The daisy slingshot has been brought up a couple of times by the Wildlife Committee, because of where it's sold and how easy it is to get. It's where most hunting and fishing licenses are sold. But the fact is, generating the widely accepted, minimum kinetic energy with the daisy slingshot isn't that difficult. Yeah, it's not what I would recommend, but it does the job fine. The argument that the game has a better chance of being wounded doesn't sit well with the hunting community here in KY. The number of deer and elk that are being wounded would amaze a lot of people. I've heard the numbers from attending the meetings. It doesn't matter if it's a slingshot or a 7mm, animals get wounded.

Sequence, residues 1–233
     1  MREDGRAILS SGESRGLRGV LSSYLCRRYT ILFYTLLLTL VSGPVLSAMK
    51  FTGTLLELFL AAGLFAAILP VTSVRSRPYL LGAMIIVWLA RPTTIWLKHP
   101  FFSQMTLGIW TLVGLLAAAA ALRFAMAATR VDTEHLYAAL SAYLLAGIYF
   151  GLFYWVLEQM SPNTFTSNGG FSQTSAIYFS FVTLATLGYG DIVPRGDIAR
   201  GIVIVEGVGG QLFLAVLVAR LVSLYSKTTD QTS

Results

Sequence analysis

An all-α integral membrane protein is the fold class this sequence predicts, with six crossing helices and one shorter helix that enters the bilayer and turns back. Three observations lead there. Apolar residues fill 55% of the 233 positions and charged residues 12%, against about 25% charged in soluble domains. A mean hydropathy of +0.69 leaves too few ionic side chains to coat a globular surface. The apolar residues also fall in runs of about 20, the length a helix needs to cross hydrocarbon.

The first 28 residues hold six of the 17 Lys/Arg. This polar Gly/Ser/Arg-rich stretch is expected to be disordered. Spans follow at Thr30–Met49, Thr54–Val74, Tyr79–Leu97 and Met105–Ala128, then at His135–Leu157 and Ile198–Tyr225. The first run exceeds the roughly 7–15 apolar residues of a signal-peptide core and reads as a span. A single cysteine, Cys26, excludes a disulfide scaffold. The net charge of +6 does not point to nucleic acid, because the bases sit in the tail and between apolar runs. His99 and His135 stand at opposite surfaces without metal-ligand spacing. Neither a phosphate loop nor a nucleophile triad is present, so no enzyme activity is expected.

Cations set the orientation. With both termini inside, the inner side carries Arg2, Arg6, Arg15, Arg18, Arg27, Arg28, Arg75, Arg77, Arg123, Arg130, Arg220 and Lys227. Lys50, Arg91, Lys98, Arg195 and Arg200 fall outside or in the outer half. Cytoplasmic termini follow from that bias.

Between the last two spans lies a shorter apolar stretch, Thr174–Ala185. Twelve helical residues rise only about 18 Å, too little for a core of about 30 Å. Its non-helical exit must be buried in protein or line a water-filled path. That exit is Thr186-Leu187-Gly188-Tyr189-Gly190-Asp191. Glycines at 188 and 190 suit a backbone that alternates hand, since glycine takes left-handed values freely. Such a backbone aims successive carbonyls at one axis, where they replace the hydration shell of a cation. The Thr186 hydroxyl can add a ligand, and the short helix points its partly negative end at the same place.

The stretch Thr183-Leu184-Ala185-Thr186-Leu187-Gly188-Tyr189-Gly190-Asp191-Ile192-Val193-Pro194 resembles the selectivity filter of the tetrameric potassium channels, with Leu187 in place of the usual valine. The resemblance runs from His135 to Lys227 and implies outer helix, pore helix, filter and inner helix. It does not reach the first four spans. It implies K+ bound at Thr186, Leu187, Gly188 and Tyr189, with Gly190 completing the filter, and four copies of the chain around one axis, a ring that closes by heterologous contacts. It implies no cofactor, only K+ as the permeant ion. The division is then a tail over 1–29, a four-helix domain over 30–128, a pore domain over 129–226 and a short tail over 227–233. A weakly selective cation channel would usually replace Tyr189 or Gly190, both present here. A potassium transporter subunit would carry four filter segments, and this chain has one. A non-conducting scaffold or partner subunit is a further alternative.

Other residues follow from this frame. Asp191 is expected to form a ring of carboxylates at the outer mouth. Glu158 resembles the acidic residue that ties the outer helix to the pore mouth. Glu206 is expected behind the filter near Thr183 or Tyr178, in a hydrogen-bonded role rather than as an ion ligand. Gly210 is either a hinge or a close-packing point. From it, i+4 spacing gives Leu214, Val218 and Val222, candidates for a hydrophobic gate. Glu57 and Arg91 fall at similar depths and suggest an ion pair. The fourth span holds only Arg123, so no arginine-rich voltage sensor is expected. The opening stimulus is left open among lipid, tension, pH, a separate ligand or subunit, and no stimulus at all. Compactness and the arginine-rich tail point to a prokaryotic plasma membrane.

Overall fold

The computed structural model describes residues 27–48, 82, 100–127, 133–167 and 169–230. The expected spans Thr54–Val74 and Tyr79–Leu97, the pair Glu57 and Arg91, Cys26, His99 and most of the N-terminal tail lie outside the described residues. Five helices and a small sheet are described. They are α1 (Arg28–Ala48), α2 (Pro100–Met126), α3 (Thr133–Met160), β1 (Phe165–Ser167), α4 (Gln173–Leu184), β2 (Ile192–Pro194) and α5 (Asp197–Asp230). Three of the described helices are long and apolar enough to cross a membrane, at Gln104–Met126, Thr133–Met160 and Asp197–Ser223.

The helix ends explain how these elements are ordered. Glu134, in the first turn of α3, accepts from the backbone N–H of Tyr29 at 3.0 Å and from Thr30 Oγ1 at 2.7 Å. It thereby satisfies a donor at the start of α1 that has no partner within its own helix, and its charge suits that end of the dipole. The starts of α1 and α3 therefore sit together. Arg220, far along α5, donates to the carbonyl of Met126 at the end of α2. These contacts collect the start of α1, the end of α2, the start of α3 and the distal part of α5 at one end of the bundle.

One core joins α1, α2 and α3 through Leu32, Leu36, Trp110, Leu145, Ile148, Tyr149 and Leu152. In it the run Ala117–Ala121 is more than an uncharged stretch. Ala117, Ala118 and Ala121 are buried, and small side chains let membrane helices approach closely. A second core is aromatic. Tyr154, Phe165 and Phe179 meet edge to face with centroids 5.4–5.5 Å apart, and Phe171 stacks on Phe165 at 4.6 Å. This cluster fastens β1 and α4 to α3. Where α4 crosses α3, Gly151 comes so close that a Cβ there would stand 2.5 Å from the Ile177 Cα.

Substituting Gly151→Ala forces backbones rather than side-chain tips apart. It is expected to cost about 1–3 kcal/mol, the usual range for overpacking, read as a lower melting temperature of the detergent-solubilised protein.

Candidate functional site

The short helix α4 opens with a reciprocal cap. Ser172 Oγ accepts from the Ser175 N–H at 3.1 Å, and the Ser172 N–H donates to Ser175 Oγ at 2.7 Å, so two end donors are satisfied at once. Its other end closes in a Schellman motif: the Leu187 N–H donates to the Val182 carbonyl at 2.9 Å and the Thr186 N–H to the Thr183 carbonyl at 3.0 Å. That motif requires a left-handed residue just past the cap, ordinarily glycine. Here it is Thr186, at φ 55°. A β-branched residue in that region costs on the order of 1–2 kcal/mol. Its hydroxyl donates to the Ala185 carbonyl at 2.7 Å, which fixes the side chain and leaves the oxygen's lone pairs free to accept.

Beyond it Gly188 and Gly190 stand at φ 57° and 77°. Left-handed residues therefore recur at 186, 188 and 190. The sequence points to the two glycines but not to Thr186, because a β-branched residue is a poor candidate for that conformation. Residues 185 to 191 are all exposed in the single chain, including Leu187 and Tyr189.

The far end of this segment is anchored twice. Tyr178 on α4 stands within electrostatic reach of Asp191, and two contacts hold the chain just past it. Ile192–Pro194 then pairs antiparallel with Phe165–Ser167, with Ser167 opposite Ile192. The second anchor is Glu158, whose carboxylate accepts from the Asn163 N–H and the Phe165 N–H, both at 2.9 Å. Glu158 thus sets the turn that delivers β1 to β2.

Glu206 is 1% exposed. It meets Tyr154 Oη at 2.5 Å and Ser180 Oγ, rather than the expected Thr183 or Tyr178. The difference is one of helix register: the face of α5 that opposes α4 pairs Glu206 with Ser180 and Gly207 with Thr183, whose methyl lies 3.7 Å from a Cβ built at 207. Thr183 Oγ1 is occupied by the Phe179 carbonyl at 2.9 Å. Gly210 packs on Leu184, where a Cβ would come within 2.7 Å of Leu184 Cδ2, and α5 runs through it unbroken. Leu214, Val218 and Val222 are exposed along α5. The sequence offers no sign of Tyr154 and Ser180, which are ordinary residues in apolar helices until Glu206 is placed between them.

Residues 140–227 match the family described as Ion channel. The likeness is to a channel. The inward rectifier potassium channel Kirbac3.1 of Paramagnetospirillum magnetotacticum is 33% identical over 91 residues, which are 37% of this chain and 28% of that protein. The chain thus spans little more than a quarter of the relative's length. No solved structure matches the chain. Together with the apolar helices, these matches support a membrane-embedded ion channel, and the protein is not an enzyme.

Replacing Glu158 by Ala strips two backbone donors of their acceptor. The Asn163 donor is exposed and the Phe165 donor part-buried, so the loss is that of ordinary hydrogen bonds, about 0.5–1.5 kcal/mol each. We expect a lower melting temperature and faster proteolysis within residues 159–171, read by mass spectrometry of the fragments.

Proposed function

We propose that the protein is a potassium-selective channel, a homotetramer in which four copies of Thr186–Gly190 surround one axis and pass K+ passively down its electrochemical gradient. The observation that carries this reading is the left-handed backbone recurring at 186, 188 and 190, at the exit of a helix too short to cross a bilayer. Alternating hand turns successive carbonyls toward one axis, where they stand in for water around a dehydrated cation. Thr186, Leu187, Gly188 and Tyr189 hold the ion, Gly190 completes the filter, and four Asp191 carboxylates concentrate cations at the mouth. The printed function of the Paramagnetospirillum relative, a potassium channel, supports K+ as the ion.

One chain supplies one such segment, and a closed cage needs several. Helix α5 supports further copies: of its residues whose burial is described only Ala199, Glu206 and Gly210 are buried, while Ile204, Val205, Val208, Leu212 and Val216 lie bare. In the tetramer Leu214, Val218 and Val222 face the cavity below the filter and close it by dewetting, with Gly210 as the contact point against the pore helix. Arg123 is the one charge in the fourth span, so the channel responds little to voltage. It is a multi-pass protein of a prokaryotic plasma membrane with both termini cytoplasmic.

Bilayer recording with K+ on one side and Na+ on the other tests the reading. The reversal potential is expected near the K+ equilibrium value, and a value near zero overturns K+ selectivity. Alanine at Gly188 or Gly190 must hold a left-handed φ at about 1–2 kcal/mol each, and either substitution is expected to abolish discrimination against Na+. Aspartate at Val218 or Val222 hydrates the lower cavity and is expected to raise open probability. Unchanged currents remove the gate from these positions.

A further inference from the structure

Youth numbers are low in KY, and we all know why that is. The slingshot is a great platform to introduce archery. I've had several deer hunters tell me they would like to legally hunt with a slingshot while scouting for deer, so they won't make any noise, and be able to take a squirrel while deer hunting. Then there's the "urban hunter", that lives close to a patch of woods big enough for a slingshot, but not for a gun. Slingshot hunting demands and teaches the core hunting and stalking skills. These are all arguments in my repertoire, because of individual concerns from different commissioners.